Canada Nickel launches NetZero Metals to develop zero carbon nickel, cobalt

Highlights

Subsidiary will research and develop a processing facility using existing technologies

Crawford project contains serpentine rock that naturally absorbs CO2 when exposed to air

Project and facility also near hydroelectricity generation capacity

Canada Nickel Company has launched a subsidiary, NetZero Metals, to produce zero-carbon nickel, cobalt and iron products from the company’s Crawford nickel-cobalt sulfide project near Timmins, Ontario.

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It said July 27 that the subsidiary would research and develop a processing facility located in the Timmins region, which would use existing technologies to produce these products.

Canada Nickel CEO Mark Selby said over 90% of the Crawford project comprises serpentine rock, which absorbs CO2 when exposed to air through a naturally occurring process of spontaneous mineral carbonation, and the project would use also close to zero-carbon hydroelectricity.

“The electric vehicle industry and many other consumer sectors needs zero-carbon metal this decade — not in a nebulous 2050 timeframe contemplated by many other resource companies,” he said.

“With nickel as a preferred metal to power the clean energy revolution, our commitment to net zero-carbon production is the right step to take for the environment, for consumers, and for our investors,” Selby added.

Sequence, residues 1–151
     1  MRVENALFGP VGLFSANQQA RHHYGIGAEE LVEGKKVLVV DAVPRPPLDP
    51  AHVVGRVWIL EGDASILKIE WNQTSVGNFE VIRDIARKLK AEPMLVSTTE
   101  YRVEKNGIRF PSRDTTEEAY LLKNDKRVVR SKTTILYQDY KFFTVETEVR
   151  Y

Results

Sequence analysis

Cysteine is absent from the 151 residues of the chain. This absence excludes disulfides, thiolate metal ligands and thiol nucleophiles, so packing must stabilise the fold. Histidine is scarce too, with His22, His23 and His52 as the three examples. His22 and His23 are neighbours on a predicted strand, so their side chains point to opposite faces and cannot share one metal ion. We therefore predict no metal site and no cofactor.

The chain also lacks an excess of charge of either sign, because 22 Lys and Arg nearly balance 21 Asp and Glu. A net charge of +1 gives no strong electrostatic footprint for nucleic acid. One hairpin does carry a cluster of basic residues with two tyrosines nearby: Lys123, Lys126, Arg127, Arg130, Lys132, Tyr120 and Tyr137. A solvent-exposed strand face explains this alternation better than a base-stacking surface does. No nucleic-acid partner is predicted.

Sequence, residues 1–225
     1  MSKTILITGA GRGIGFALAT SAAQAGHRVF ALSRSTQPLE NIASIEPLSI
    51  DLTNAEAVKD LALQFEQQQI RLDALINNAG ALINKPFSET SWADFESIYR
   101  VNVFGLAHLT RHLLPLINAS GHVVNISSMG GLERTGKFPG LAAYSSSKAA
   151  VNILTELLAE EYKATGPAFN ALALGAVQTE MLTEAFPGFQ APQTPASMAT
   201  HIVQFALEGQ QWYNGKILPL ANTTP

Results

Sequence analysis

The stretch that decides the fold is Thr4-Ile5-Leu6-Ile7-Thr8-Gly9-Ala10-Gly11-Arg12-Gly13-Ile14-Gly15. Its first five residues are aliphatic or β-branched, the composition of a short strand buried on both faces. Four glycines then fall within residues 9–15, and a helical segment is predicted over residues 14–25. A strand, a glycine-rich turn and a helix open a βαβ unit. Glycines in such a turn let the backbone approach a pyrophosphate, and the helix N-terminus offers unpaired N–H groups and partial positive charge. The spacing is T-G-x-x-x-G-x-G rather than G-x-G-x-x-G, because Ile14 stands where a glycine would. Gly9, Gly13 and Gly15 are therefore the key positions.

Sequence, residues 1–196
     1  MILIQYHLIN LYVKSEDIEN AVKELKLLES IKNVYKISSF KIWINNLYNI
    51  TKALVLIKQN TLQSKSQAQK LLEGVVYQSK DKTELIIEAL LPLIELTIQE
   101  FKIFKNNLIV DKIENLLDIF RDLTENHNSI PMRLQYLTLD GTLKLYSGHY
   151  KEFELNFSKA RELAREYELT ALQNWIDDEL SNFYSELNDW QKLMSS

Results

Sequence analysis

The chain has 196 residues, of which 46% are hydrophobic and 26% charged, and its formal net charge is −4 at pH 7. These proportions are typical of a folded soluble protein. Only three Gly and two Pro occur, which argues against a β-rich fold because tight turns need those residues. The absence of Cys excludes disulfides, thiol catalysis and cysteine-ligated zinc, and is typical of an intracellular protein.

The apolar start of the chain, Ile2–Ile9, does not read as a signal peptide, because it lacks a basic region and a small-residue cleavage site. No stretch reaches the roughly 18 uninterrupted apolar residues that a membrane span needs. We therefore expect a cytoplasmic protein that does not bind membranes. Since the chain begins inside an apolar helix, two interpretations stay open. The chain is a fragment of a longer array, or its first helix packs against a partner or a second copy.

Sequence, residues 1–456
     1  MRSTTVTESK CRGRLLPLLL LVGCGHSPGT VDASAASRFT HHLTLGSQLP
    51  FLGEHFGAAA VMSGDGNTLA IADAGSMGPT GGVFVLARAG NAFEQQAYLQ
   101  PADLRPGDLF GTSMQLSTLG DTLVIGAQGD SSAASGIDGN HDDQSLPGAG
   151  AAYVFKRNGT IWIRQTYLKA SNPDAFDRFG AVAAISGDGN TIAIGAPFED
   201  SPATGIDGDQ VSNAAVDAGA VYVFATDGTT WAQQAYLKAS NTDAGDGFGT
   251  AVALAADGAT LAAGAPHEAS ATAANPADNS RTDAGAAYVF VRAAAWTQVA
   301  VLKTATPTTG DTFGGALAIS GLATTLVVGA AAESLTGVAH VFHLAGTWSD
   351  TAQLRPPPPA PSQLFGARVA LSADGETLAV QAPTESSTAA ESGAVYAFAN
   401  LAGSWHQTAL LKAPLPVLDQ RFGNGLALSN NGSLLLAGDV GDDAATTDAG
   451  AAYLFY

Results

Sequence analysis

Canada Nickel said it was aiming for zero carbon emissions at the mining, milling and processing stages of production.

In mining, wherever possible it will use electric rope shovels and trolley trucks powered by electricity from the nearby hydroelectric generation capacity, rather than diesel fuel. It will also analyze how much CO2 will be absorbed by the serpentine rock mined, offsetting the project’s CO2 emissions.

During the milling phase, the hydroelectric power generation will also be used for the significant amount of electricity required.

In the processing stage, Canada Nickel said it would be exploring the potential for producing nickel and cobalt products from existing pyrometallurgical processes, such as roasting, sulfation roasting, and reduction using electric arc furnaces using natural gas rather than coke or coal as a reductant, with the off-gases captured and rerouted to allow the CO2 be captured by the waste rock and tailings from the Crawford project.

“The company will also look at existing hydrometallurgical processes to produce nickel and cobalt products such as the Albion or other similar processes, which generate minimal off-gases to produce nickel and cobalt products. The off-gases will again be captured and treated to ensure CO2 and SO2 emissions are minimized,” it said.

Canada Nickel explained that the current nickel processing approach of laterite and sulfide ores generated a significant environmental footprint via sulfur dioxide and CO2 emissions.

“These environmental challenges will only worsen given the industry supply profile with the bulk of recent nickel supply growth and the main source of future production growth being nickel pig iron production in Indonesia,” it said.

Canada Nickel said that, according to industry sources, Indonesian production used 25-30 mt of coal to produce 1 mt of nickel, which, when combined with other sources of CO2, generated nearly 90 mt of CO2 emissions per mt of nickel produced.

It pointed out that this means an EV battery pack containing 50 kg of this nickel would represent around 4 mt of CO2 emissions.

“Other sources of nickel supply growth that have additional environmental footprint issues are high-pressure acid leaching projects in Indonesia that are considering technologies such as deep-sea discharge of tailings, which would result in ocean discharge of approximately 100 mt of material per 1 mt of nickel,” the company said.

The company has applied for trademarks for the terms NetZero Nickel, NetZero Cobalt, and NetZero Iron in the US, Canada, and other jurisdictions.